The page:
Sun releases slow moving CME

November 12, 2012 by Karen C. Fox
On the left is an image of a CME from Nov. 9, 2012, as captured by the joint ESA/NASA Solar Heliospheric Observatory (SOHO) at 10:48 a.m. EST. The CME can be seen as the light band that appears to be spreading away from the dark disk at the center, which is used to block the bright light from the sun in order to observe the dimmer solar atmosphere. The right image is what’s called a “difference” image, which helps highlights recent changes in any given image, thus making the CME stand out. Credit: ESA&NASA/SOHO/GSFC

On Nov. 9, 2012, at 10:24 a.m. EST, the sun emitted an Earth-directed coronal mass ejection (CME). A CME is a solar phenomenon that can send billions of tons of solar particles into space and can reach Earth one to three days later. CMEs can affect electronic systems in satellites and on the ground.

Experimental NASA research models based on observations from NASA's (STEREO) and the joint ESA/NASA Solar Heliospheric Observatory (SOHO) show that the CME left the sun traveling at 350 miles per second, which is a slow to average speed for CMEs.

Geomagnetic storms can occur when certain types of CMEs connect up with the outside of the Earth's magnetic envelope, the magnetosphere, for an extended period of time. In the past CMEs of this magnitude have tended to have a relatively weak impact, perhaps causing auroras near the poles, but not causing damage to electrical systems on Earth or interfering with GPS or satellite-based communications systems.

NOAA's Center ( is the United States Government official source for space weather forecasts.

Updates will be provided as needed.

Explore further: Sun spits out a coronal mass ejection

More information: What is a CME? For answers to this and other space weather questions, please visit the Spaceweather Frequently Asked Questions page.

Related Stories

NASA sees sun unleash a wide, but benign, CME

September 28, 2012

The sun erupted with a wide, Earth-directed coronal mass ejection (CME) on Sept. 27, 2012 at 10:25 p.m. EDT. CMEs are a phenomenon that can send billions of tons of solar particles into space that can reach Earth one to three ...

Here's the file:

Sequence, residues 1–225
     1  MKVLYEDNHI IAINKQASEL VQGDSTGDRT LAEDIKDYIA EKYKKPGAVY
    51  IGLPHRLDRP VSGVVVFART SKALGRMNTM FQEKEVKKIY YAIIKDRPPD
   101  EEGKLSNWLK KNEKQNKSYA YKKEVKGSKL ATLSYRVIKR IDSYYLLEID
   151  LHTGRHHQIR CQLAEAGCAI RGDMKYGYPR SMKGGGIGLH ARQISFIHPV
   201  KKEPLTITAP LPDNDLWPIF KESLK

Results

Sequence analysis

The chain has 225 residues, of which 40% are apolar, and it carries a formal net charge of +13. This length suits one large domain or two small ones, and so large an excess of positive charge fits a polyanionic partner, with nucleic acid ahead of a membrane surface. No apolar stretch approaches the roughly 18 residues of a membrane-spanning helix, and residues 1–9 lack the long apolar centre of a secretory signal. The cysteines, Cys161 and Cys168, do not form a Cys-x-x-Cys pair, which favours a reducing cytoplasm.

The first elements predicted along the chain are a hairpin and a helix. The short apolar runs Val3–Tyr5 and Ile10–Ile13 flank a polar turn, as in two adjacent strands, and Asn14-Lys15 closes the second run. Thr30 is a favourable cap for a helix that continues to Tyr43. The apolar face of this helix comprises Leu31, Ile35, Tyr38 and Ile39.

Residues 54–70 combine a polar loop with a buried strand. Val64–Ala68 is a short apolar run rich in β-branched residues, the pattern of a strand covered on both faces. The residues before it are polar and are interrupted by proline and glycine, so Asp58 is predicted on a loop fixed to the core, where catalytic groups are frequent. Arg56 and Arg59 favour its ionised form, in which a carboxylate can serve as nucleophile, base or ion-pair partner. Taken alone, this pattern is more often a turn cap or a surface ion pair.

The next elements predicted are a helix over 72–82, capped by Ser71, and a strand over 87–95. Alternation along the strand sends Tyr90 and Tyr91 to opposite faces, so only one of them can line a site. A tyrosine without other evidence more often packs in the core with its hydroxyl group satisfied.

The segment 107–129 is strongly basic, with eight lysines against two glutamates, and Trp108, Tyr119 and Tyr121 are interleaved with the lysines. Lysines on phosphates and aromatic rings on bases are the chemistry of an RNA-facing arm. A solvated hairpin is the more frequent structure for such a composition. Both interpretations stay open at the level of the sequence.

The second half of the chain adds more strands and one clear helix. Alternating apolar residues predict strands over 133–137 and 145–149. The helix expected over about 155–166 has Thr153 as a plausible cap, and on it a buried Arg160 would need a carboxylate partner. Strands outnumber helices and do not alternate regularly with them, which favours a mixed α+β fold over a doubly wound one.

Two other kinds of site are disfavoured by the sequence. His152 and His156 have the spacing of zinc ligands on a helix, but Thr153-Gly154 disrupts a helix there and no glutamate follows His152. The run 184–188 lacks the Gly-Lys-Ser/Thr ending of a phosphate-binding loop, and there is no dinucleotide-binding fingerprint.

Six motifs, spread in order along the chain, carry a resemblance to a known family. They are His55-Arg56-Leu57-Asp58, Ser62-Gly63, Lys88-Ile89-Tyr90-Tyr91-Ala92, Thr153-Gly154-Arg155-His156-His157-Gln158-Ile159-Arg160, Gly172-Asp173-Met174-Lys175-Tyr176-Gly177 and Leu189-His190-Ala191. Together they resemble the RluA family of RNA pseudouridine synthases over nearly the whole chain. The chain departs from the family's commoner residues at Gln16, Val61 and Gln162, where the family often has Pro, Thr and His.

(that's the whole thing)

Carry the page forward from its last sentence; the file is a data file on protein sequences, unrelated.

Solar flares: What does it take to be X-class?

August 10, 2011

Solar flares are giant explosions on the sun that send energy, light and high speed particles into space. These flares are often associated with solar magnetic storms known as coronal mass ejections (CMEs). The number of ...

Six coronal mass ejections in 24 hours

September 22, 2011

The sun let loose with at least six coronal mass ejections (CMEs) -- solar phenomena that can send solar particles into space and affect electronic systems in satellites -- from 7 PM ET on September 18, 2011 until 1 PM on ...

STEREO spots a CME soaring into space

September 11, 2012

The enormous eruption of a solar prominence and resulting coronal mass ejection (CME) back on August 31 that was captured in amazing HD by NASA's Solar Dynamics Observatory was also spotted by the Sun-flanking STEREO-B spacecraft, ...

Scientists weather a space storm to find its origin

August 2, 2005

A team of researchers from the UK and France used SOHO, ACE and the four Cluster spacecraft to study a huge eruption on the Sun, tracing its progress from birth to when it reached Earth.

Recommended for you

Gaia spies two temporarily magnified stars

October 28, 2016

While scanning the sky to measure the position of over one billion stars in our Galaxy, ESA's Gaia satellite has detected two rare instances of stars whose light was temporarily boosted by other celestial objects passing ...

More than 15,000 near-Earth objects and counting

October 28, 2016

The international effort to find, confirm and catalogue the multitude of asteroids that pose a threat to our planet has reached a milestone: 15 000 discovered – with many more to go.

How planets like Jupiter form

October 28, 2016

Young giant planets are born from gas and dust. Researchers of ETH Zürich and the Universities of Zürich and Bern simulated different scenarios relying on the computing power of the Swiss National Supercomputing Centre ...


Please sign in to add a comment. Registration is free, and takes less than a minute. Read more

Click here to reset your password.
Sign in to get notified via email when new comments are made.